Mezőkövesd is a district in south-western part of Borsod-Abaúj-Zemplén County. Mezőkövesd is the name of the town where the district seat is found; the district is located in the Northern Hungary Statistical Region. Mezőkövesd District borders with Miskolc District to the northeast, Mezőcsát District to the east, Tiszafüred District to the south, Füzesabony District and Eger District to the west; the number of the inhabited places in Mezőkövesd District is 23. The district has 2 towns, 1 large village and 20 villages; the bolded municipalities are cities, italics municipality is large village. In 2011, it had a population of 42,432 and the population density was 59/km². Besides the Hungarian majority, the main minorities are the German. Total population: 42,432 Ethnic groups: Identified themselves: 40,091 persons: Hungarians: 37,326 Gypsies: 2,202 Others and indefinable: 563 Approx. 2,500 persons in Mezőkövesd District did not declare their ethnic group at the 2011 census. Religious adherence in the county according to 2011 census: Catholic – 22,530.
List of cities and towns of Hungary Mezőkövesd Subregion Postal codes of the Mezőkövesd District
Matthias Corvinus called Matthias I, was King of Hungary and Croatia from 1458 to 1490. After conducting several military campaigns, he was elected King of Bohemia in 1469 and adopted the title Duke of Austria in 1487, he was the son of John Hunyadi, Regent of Hungary, who died in 1456. In 1457, Matthias was imprisoned along with his older brother, Ladislaus Hunyadi, on the orders of King Ladislaus the Posthumous. Ladislaus Hunyadi was executed. After the King died unexpectedly, Matthias's uncle Michael Szilágyi persuaded the Estates to unanimously proclaim Matthias king on 24 January 1458, he began his rule under his uncle's guardianship, but he took effective control of government within two weeks. As king, Matthias waged wars against the Czech mercenaries who dominated Upper Hungary and against Frederick III, Holy Roman Emperor, who claimed Hungary for himself. In this period, the Ottoman Empire conquered Serbia and Bosnia, terminating the zone of buffer states along the southern frontiers of the Kingdom of Hungary.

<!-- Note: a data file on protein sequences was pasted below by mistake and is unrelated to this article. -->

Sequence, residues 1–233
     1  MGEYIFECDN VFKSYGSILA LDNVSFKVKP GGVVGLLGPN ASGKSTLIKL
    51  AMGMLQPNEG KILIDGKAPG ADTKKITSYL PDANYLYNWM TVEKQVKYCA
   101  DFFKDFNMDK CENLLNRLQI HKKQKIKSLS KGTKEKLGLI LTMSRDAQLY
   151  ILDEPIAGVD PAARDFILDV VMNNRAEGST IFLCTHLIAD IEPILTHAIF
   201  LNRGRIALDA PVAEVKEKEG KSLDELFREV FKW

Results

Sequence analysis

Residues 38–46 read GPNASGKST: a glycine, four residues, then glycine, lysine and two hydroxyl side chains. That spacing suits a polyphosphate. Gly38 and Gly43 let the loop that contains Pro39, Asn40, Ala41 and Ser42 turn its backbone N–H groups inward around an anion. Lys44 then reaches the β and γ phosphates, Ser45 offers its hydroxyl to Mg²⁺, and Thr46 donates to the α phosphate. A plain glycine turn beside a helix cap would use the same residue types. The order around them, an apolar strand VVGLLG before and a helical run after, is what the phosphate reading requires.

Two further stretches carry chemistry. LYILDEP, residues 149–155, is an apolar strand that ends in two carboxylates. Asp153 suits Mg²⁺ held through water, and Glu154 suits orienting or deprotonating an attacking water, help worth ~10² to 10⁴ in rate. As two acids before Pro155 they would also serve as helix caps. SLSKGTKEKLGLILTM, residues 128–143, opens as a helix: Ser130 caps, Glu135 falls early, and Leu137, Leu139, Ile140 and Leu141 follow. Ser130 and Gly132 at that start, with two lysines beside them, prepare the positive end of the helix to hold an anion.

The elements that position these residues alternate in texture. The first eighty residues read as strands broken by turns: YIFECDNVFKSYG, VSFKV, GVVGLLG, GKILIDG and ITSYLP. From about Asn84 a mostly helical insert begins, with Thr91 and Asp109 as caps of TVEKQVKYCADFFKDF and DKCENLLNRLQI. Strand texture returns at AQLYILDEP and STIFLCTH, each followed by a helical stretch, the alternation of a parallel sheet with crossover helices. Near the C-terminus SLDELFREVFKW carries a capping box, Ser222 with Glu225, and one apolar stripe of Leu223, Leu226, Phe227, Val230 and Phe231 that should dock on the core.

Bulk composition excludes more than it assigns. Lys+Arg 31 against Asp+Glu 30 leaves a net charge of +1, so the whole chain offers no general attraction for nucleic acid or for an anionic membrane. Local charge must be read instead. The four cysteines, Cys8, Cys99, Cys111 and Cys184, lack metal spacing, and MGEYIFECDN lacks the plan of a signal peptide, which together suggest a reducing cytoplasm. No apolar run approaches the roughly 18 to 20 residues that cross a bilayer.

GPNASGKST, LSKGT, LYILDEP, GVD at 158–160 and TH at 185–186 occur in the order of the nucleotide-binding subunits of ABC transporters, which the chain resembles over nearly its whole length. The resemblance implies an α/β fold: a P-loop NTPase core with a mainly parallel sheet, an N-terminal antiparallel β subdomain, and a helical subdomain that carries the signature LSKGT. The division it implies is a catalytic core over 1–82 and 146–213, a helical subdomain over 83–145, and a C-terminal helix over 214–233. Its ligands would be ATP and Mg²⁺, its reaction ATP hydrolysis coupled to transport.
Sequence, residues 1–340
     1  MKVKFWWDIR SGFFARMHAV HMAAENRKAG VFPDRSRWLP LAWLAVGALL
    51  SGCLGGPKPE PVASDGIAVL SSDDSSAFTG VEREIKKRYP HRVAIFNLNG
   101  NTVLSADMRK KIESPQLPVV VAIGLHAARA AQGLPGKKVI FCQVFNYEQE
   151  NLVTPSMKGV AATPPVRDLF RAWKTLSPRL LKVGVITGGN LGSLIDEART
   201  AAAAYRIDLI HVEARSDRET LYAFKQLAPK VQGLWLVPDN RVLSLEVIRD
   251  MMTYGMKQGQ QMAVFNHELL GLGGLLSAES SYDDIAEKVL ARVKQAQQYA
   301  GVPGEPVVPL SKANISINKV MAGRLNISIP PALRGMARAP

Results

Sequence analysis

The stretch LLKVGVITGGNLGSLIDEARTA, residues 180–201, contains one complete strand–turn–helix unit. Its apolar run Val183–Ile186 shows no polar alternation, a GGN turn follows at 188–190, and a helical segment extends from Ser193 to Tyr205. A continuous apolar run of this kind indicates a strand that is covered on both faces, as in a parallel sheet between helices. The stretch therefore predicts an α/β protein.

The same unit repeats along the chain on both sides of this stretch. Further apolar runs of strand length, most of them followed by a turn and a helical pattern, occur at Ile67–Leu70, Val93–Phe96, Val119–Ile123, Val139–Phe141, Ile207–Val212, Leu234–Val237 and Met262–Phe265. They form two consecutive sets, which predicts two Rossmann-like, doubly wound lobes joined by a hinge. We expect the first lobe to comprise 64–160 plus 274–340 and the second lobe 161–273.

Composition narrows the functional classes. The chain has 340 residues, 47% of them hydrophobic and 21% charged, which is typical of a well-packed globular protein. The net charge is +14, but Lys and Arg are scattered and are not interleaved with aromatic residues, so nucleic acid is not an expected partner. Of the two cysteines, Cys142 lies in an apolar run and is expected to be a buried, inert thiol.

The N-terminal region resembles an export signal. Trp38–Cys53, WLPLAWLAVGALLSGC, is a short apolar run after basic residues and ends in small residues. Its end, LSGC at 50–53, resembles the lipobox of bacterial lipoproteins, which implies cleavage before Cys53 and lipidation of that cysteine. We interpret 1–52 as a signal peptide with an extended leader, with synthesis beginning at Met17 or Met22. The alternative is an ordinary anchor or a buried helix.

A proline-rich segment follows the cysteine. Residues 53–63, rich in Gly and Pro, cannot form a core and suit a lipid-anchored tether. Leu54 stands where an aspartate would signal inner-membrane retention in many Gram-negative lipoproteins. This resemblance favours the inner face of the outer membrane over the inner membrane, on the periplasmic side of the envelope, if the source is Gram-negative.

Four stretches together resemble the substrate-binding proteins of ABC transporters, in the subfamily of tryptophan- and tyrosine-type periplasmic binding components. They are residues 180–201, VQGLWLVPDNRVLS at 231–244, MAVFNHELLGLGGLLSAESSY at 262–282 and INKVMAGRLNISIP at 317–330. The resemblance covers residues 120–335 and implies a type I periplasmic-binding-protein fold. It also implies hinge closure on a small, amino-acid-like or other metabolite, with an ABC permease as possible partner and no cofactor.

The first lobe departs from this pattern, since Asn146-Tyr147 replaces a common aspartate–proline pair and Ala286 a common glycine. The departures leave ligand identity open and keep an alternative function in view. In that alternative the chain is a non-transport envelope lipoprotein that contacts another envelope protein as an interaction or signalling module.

Matthias signed a peace treaty with Frederick III in 1463, acknowledging the Emperor's right to style himself King of Hungary. The Emperor returned the Holy Crown of Hungary with which Matthias was crowned on 29 April 1464. In this year, Matthias invaded the territories, occupied by the Ottomans and seized fortresses in Bosnia, he soon realized he could expect no substantial aid from the Christian powers and gave up his anti-Ottoman policy. Matthias introduced new taxes and collected extraordinary taxes; these measures caused a rebellion in Transylvania in 1467. The next year, Matthias declared war on George of Poděbrady, the Hussite King of Bohemia, conquered Moravia and Lausitz, but he could not occupy Bohemia proper; the Catholic Estates proclaimed him King of Bohemia on 3 May 1469, but the Hussite lords refused to yield to him after the death of their leader George of Poděbrady in 1471. Instead, they elected the eldest son of Casimir IV of Poland. A group of Hungarian prelates and lords offered the throne to Vladislaus's younger brother Casimir, but Matthias overcame their rebellion.
Having routed the united troops of Casimir IV and Vladislaus at Breslau in Silesia in late 1474, Matthias turned against the Ottomans, who had devastated the eastern parts of Hungary. He sent reinforcements to Stephen the Great, Prince of Moldavia, enabling Stephen to repel a series of Ottoman invasions in the late 1470s. In 1476, Matthias seized Šabac, an important Ottoman border fort, he concluded a peace treaty with Vladislaus Jagiellon in 1478, confirming the division of the Lands of the Bohemian Crown between them. Matthias waged a war against Emperor Frederick and occupied Lower Austria between 1482 and 1487. Matthias established a professional army, reformed the administration of justice, reduced the power of the barons, promoted the careers of talented individuals chosen for their abilities rather than their social statuses. Matthias patronized science. With his patronage, Hungary became the first country to embrace the Renaissance from Italy; as Matthias the Just, the monarch who wandered among his subjects in disguise, he remains a popular hero of Hungarian folk tales.
Matthias was born in Kolozsvár on 23 February 1443. He was his wife, Elizabeth Szilágyi. Matthias' education was managed by his mother due to his father's absence. Many of the most learned men of Central Europe—including Gregory of Sanok and John Vitéz—frequented John Hunyadi's court when Matthias was a child. Gregory of Sanok, a former tutor of King Vladislaus III of Poland, was Matthias's only teacher whose name is known. Under these scholars' influences, Matthias became an enthusiastic supporter of Renaissance humanism; as a child, Matthias learnt many languages and read classical literature military treatises. According to Antonio Bonfini, Matthias "was versed in all the tongues of Europe", with the exceptions of Turkish and Greek. Although this was an exaggeration, it is without doubt that Matthias spoke Hungarian, Italian, Polish and German; the late 16th-century Polish historian Krzystoff Warszewiecki wrote that Matthias had been able to understand the Romanian language of the envoys of Stephen the Great, Prince of Moldavia.